Changes to the working of the UK's Supreme Court are likely to lie at the heart of wide-ranging reforms of Britain's constitutional settlement.
A senior Whitehall source has told BBC Newsnight that the government wants to "unravel" some of the reforms introduced by Tony Blair more than a decade ago.
The reforms led to the creation of the Supreme Court and to the downgrading of the role of the lord chancellor, who used to be head of the judiciary in England and Wales.
The Queen's Speech confirmed that the government would deliver on its manifesto pledge to establish a Constitution, Democracy and Rights Commission.
Prime Minister Boris Johnson told MPs that the independent commission would "restore trust in our institutions and our democracy."
The Whitehall source told Newsnight that the commission, whose terms of reference will be set by the government, would look at:
- Clipping the wings of the Supreme Court, which upset Downing Street in September when it ruled that Mr Johnson's prorogation of Parliament had been unlawful. The court could return to its old - and more modest role - as the appellate committee of the House of Lords. But it would still keep its home in Middlesex Guildhall in Westminster.
- Enhancing the role of the lord chancellor, largely a ceremonial one since the Blair reforms. Only lawyers would be eligible for the post, whose holder sits in the cabinet as justice secretary. The commission may also look at the "strange joint role" the lord chancellor has with the lord chief justice, whose holder is now head of the judiciary in England and Wales.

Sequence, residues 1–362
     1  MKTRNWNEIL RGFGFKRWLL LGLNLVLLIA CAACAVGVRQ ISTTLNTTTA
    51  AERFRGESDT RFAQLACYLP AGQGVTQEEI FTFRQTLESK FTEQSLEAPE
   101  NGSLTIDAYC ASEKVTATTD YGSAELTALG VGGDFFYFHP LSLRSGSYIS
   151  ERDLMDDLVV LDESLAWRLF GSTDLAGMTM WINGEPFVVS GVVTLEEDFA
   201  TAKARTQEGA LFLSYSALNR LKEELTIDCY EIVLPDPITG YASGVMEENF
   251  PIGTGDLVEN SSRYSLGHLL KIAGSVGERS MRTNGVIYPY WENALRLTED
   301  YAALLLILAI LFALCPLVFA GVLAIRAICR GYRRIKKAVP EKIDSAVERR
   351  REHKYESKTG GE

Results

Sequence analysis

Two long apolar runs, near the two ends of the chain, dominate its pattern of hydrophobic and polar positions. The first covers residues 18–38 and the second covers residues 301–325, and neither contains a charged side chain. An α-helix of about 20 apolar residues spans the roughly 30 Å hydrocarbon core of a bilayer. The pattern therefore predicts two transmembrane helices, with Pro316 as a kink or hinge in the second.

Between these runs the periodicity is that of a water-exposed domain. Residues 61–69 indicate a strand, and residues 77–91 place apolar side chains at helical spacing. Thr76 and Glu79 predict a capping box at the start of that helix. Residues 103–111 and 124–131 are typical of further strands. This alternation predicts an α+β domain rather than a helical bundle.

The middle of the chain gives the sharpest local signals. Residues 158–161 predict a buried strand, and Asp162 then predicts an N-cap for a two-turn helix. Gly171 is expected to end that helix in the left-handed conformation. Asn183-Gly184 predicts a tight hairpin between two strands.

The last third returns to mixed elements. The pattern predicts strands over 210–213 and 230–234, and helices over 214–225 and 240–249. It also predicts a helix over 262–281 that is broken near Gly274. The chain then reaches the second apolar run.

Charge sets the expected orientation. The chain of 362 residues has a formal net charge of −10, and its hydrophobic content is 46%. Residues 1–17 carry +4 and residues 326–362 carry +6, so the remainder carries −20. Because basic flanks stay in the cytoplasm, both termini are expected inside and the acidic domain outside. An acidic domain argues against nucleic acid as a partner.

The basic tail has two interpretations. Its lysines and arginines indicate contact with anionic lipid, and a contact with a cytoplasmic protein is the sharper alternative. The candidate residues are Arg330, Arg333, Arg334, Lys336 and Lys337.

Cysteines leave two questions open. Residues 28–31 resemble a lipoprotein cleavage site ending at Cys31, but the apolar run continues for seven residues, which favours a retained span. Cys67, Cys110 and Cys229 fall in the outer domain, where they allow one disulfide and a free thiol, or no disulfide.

The source told Newsnight: "This is the first look at the Blair settlement which David Cameron left alone. We need to look at unravelling that."
The government was encouraged this week when Baroness Hale, the Supreme Court's outgoing president, said that nobody wants the court to assume the political role of its US counterpart.
One Whitehall source said: "We are pleased with what Brenda Hale said. But these reforms may be a case of saving [the] Supreme Court from itself."
Suella Braverman, a former Brexit minister, said she hoped the reforms would restore the principle of "judicial deference".
She told Newsnight: "Traditionally in our constitutional arrangement in the UK, we have a principle called judicial deference, which means that our courts and our judges generally stay out of politics.
"There is a really good reason for that. They are not elected, they are not accountable to members of the public and it is for politicians to make political decisions not for judges.
"There has been a sense since the prorogation decision of the Supreme Court that our judges have been pulled into this political sphere. That has been worrying and concerning."
But Labour said the proposed changes had the "whiff of vengeance" after the Supreme Court ruled that the prime minister's prorogation of Parliament had been unlawful.
Nick Thomas-Symonds MP, the shadow solicitor general, said they have a "Trumpian feel".
"We think back to that decision of the UK Supreme Court on the issue of prorogation where it was found to be unlawful. This really does seem to have the whiff of vengeance about it," he said.
Nadhim Zahawi, the business minister, said the government would uphold the independence of the judiciary.
He told Newsnight: "Our judiciary is independent and the envy of the world, and that will remain sacrosanct. This is an independent commission to look at our democracy."